The greatest Pop song yet written and recorded.


This thread is an offshoot and was inspired by @mahgister’s wonderful thread "Interesting videos about sounds and music." I made a couple of contributions to that thread, recommending a video recorded quite a few years ago by (I believe) a music teacher, who sits at his keyboard while explaining and demonstrating the construction of the utterly majestic "God Only Knows", written by Brian Wilson (music) and Tony Asher (lyrics), recorded by The Beach Boys (vocals) and the L.A. studio musicians who comprised the legendary Wrecking Crew (instruments), the song found on the Pet Sounds album.

In my posts, I made the case for the highly sophisticated and incredibly brilliant chord progressions, modulations (key changes), and use of inversion (playing a bass note below the tonic of the chord being played on the piano) in the song’s composition. So when the video below appeared when I just jumped onto YouTube, it’s title really caught my eye. It is entitled "Exploring The Mythical Chords Of "God Only Knows"." Brian is well known for his harmony vocal arrangements, but that’s just the icing on the cake; the song itself is in it’s chords and melody. Some of the chord sequences in "God Only Knows" bring me to tears. Add to that the vocal harmonies---many sung in counterpoint---and Carl Wilson's angelic singing of the melody, and you have an absolute masterpiece of a song.

I have long considered "God Only Knows" my favorite song, and imo the "best" song ever written. I’m not alone in that; Paul McCartney has stated he feels the same. I could have added this video to @mahgister’s thread, but I believe the song and it’s appreciation warrant it’s own thread. Watch and listen to this video (and the one I posted in mahgister’s thread), give the song a new listen, and see if you don’t agree with Paul and I. 😉




Losing My Religion - REM

Space Oditty - Bowie

Suzanne - Cohen

Yellow Brick Road - Elton

I was 15 51 years ago when my brother brought this LP home.

 I was an instant fan, saw them in concert a handful of times.

who doesn’t love “Virginia Plain” from Roxy Music?



Fantastic list @tylermunns! For an example of Carole King’s early songwriting quality, give a listen to her "Halfway To Paradise". I first heard the song on an early (pre-debut album) Nick Lowe single on Stiff Records, and was stunned speechless; it’s an incredible song! Investigating, I learned it had first been recorded in 1961 by Tony Orlando (!), but I don’t remember hearing it. I was buying Pop singles in the early-60’s, and Carole’s name (along with that of her lyricist husband Gerry Goffin) was on a lot of them. She was already a professional songwriter while still in high school.


I just now stumbled upon another video in which "God Only Knows" is examined, and it might be my favorite of them all. A pianist with a pretty heavy Italian accent dissects the song, but what I really like about his presentation is that at the end of each section of the song, he plays through that section, so that one may hear what he just explained. The beauty of the song is fully expressed, the brilliance of it’s composition fully revealed.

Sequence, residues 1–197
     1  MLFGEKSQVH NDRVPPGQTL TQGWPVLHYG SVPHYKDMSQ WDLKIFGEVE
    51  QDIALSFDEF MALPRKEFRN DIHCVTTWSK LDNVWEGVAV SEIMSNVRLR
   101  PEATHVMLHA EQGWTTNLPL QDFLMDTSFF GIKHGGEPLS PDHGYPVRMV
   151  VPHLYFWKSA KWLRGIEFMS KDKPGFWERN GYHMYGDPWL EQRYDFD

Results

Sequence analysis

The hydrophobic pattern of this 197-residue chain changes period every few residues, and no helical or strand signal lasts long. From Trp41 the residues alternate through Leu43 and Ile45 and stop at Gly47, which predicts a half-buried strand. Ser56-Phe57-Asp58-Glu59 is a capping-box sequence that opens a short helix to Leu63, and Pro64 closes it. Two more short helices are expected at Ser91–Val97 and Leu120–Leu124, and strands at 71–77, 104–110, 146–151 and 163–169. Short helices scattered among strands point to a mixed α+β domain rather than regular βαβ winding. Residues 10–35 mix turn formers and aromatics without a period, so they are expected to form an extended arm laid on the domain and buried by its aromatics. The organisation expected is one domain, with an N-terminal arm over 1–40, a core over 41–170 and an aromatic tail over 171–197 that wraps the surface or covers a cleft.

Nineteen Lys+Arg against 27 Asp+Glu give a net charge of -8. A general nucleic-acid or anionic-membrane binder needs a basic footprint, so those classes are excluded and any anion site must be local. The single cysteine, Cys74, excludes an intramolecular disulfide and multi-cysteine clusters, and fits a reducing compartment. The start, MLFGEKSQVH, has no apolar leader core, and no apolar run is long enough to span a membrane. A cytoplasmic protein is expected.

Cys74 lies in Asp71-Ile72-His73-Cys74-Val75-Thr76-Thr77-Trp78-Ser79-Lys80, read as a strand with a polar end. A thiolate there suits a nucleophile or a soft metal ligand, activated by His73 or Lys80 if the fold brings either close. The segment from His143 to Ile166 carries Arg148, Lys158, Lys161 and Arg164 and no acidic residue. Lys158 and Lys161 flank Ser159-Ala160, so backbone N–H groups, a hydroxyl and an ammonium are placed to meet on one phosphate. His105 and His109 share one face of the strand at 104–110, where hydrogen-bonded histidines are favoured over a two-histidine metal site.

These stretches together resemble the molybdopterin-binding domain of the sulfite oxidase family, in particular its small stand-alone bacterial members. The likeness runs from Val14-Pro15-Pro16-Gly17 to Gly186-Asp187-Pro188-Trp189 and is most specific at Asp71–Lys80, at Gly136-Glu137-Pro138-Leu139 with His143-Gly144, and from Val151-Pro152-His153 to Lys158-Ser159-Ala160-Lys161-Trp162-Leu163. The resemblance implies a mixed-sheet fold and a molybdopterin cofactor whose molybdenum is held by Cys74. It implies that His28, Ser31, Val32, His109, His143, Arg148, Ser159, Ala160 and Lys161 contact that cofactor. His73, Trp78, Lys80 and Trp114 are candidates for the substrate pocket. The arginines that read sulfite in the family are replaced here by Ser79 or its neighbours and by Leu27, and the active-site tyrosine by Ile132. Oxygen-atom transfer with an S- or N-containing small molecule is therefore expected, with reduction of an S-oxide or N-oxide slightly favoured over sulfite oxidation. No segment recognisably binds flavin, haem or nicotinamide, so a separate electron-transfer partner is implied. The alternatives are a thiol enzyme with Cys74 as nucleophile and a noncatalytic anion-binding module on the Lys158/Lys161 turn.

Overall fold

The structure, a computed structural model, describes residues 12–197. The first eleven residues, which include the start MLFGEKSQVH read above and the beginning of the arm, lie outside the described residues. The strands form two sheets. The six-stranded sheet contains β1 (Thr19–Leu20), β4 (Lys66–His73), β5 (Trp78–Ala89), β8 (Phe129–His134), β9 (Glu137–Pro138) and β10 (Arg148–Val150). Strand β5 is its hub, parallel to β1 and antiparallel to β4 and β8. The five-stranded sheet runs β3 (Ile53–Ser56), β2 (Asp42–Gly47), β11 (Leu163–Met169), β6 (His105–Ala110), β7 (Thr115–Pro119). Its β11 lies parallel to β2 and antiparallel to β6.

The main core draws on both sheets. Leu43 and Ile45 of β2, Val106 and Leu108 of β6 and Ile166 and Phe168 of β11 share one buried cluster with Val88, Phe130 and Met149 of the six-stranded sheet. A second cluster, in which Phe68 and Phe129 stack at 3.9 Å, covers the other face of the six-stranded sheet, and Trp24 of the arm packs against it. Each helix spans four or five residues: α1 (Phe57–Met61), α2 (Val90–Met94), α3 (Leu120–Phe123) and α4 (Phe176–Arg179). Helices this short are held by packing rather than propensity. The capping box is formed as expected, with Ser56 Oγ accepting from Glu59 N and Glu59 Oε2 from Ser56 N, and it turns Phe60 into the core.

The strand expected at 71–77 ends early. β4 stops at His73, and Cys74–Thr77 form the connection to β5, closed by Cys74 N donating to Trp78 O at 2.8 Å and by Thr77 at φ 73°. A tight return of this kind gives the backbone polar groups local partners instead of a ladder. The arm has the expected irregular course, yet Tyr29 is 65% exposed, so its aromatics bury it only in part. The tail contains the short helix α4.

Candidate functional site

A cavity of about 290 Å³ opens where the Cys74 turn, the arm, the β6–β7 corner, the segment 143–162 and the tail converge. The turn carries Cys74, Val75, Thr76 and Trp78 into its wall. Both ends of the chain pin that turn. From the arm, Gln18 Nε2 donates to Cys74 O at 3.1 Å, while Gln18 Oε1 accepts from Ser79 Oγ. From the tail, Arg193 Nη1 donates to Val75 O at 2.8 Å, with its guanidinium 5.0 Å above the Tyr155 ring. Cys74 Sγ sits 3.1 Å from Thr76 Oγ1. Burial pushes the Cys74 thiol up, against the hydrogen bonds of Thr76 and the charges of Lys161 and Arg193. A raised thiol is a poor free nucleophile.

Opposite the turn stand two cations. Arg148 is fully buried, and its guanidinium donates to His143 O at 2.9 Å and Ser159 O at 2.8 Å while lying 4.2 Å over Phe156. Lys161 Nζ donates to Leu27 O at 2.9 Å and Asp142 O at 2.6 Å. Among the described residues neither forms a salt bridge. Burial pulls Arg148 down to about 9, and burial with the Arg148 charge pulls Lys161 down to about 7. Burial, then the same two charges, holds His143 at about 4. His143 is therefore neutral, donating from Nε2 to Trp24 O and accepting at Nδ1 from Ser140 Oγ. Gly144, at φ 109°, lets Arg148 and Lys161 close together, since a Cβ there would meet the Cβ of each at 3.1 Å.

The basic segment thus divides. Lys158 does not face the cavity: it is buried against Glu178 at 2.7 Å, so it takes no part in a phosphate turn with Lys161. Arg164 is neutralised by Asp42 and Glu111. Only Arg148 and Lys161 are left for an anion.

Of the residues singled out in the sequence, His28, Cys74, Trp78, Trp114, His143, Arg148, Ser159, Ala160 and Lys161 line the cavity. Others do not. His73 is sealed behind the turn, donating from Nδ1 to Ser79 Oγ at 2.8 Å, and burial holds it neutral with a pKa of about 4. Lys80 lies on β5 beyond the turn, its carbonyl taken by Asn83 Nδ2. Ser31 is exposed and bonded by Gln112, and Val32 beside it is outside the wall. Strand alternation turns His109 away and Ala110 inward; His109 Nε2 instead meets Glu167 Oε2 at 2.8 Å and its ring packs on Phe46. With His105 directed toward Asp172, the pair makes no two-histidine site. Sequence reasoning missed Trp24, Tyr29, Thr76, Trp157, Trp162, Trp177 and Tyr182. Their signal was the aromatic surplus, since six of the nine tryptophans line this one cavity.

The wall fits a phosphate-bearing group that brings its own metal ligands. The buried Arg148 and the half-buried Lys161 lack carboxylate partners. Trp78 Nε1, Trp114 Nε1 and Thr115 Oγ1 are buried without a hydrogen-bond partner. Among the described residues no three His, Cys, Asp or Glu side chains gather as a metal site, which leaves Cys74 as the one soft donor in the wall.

If you decide to watch the video (Secret Chords Found In The Beach Boys: "God Only Knows" Analysis), and find yourself somewhat lost in the technical matters (when I and my musician peers got to college, many of us took Music Theory. We were surprised to learn how mathematical music is.), just let it go and keep watching and listening. You’ll "get it" anyway. 😉


How can we ever forget these "pure pop" songs?:

Sugar Sugar

Green Tambourine

Yummy Yummy Yummy


I enjoy each every time I hear them.


During the Hippie era, Pop became a dirty word. The 3-minute single became the domain of teenybopper music, not serious "Art". Pretentiousness became rampant, reaching it’s peak with Progressive Rock, the appearance of The Ramones finally putting a much-appreciated end to.

But I never stopped loving Paul Revere & The Raiders, whose "Just Like Me" is a fantastic Pop song! Sure, the chord progression is nothing special, but the song has a great melody, and the all-important sing-along chorus "hook", as well a really cool double-tracked guitar solo by Drake Levin. Plus, Mark Lindsey was (is?) a great singer.

I auditioned for a Hippie band in the spring of ’71, and after passing the audition (a jam from 10 PM to 6 AM the next morning) moved into the band house. The bass player helped me carry in my LP collection from my VW van (of course 😉), and after looking through the titles said to me "You like weird music." He had seen my Beach Boys albums (they had long ago become uncool), my Paul Revere & The Raiders, my Ventures, my Animals and Manfred Mann albums, my copy of Emitt Rhodes s/t debut (a Pop classic), my girl group albums, my Soul and R & B, my Country & Western (Hippies did not allow you to like Merle Haggard, even though Jerry Garcia did), and my Andy Williams Greatest Hits album (which contains some songs by Henry Mancini, a favorite of mine). But my Jazz and Classical were fine, of course. I liked some albums by current bands, like those of Moby Grape, The Sons (though a Hippie band---in fact as about as Hippie as they come---they were great), Spirit, Fleetwood Mac, Procol Harum, The Kinks, a few others.

I played the band The Beach Boys’ Smiley Smile album, with which I was at that time obsessed (read the two chapters on the making of Smile in the Paul Williams book Outlaw Blues if you don’t already know about this incredible album-that-never-was), and they just didn’t get it. I eventually had to quit the band; too much jamming/extended guitar soloing, too little playing and singing of songs.